Cherry flowers in spring may be white or pink and have varying numbers of petals. A ‘single’ flower has 5 petals, a ‘semi-double’ flower has 2 rows of 5 petals and a ‘double’ has 3 or more rows. ‘semi-double or double’ flowers arise when some of the rows of anthers become petals.
The Wild Cherry Prunus avium is widely planted in new woodlands, parks, gardens and streets. It has ‘single’ flowers.
The Wild Cherry cultivar ‘Plena’ has white ‘double’ flowers. Each flower has up to 30 petals.
Japanese Flowering Cherries are a large group of cultivars that were bred in Japan from the 15th Century and were known collectively as Sato Zakura (village cherries). Their taxonomic origin is unclear but one of their parents is believed to be the Japanese Cherry (Prunus serrulata), native to northern and central China, Korea and Japan. The flowering cherries were introduced to Britain as early as 1822. They bear white or pink flowers in spring. There are more than 20 cultivars on sale in Britain. Some examples are shown here.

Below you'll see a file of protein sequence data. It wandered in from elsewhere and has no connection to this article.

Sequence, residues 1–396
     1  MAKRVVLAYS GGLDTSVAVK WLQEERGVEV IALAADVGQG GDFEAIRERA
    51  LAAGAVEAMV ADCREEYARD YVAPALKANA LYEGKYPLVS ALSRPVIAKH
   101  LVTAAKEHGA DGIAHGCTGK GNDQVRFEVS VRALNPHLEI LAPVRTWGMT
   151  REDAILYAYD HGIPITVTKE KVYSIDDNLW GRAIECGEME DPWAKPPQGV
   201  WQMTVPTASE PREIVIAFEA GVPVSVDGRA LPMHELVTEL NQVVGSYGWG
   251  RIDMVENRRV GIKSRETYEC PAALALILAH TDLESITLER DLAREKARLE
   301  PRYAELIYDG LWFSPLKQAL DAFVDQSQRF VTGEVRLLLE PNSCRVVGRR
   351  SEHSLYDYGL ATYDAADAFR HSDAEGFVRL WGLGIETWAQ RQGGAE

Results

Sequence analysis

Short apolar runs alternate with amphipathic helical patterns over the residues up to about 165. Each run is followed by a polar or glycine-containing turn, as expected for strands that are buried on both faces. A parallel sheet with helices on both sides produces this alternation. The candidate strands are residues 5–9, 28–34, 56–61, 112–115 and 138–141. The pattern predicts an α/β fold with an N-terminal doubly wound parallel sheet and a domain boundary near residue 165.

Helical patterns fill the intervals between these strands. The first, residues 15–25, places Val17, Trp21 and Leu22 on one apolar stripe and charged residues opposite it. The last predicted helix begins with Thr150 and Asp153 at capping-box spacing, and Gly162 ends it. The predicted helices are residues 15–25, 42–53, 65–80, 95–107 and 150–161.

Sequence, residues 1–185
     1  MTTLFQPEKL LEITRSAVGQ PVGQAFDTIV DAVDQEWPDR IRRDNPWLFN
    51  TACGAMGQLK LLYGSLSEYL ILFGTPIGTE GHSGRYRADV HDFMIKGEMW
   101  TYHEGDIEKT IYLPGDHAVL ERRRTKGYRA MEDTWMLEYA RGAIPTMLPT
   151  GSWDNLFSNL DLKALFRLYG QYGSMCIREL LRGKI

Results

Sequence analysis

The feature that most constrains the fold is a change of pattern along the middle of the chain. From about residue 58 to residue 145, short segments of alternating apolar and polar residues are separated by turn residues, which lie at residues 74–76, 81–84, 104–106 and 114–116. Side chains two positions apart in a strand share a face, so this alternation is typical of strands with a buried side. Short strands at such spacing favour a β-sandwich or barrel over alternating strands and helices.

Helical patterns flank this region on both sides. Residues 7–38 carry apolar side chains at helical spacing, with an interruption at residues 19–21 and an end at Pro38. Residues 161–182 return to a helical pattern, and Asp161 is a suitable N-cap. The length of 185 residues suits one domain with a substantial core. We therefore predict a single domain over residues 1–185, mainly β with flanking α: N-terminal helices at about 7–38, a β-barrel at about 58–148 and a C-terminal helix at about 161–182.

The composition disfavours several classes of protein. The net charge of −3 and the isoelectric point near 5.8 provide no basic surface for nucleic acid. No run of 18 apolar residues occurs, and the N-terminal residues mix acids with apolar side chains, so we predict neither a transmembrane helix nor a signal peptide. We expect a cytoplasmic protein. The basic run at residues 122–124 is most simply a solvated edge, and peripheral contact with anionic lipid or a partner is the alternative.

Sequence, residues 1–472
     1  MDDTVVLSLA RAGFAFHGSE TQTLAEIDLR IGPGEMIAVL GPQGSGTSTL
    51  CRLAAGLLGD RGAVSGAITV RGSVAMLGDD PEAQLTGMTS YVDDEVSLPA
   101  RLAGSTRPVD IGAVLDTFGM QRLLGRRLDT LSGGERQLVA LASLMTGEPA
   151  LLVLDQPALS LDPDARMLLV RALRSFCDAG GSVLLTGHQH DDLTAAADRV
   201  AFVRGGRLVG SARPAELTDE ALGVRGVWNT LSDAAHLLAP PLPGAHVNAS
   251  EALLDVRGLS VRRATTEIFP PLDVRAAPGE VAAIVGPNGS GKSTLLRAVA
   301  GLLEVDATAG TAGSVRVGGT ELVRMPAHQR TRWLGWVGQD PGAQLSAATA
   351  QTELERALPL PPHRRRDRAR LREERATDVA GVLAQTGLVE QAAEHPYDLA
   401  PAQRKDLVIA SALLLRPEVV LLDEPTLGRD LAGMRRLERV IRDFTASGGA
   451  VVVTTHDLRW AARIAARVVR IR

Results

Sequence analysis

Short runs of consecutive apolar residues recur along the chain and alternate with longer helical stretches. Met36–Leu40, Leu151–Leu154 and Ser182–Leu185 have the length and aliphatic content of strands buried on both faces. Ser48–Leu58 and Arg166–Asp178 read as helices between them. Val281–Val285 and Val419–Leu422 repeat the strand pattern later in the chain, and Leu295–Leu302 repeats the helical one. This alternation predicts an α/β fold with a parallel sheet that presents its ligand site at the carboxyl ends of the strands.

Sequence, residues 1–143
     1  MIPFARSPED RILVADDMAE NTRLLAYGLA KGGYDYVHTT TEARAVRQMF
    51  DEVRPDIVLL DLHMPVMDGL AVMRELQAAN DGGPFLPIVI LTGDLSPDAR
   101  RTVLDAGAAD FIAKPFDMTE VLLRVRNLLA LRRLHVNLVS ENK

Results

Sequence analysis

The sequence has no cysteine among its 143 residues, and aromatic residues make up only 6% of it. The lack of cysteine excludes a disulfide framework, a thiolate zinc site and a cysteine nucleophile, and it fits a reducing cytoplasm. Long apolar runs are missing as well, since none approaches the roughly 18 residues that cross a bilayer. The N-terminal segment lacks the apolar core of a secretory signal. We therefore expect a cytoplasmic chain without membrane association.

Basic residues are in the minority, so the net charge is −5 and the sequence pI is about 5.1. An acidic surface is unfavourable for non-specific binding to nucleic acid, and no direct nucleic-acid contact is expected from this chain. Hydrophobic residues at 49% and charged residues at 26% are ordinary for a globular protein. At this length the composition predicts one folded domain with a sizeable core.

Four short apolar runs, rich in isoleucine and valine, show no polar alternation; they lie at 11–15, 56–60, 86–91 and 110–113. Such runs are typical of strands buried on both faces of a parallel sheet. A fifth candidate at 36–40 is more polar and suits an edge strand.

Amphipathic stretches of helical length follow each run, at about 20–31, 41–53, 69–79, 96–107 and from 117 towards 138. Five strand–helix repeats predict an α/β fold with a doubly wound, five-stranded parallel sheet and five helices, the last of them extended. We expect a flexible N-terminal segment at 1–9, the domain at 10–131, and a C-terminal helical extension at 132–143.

‘Kanzan’ has pink ‘double’ flowers in spring before the leaves.
Each ‘Kanzan’ flower has 25 to 28 petals.
‘Amanogawa’ has a vertical shape
It has ‘semi-double’ pale pink flowers.
‘Shirofugen’ has pink/white ‘double’ flowers and is one of the last to flower in spring. Each flower has 25 or more petals.
‘Tai Haku’, also known as the Great White Cherry, has very large, white, ‘single’ flowers and big leaves.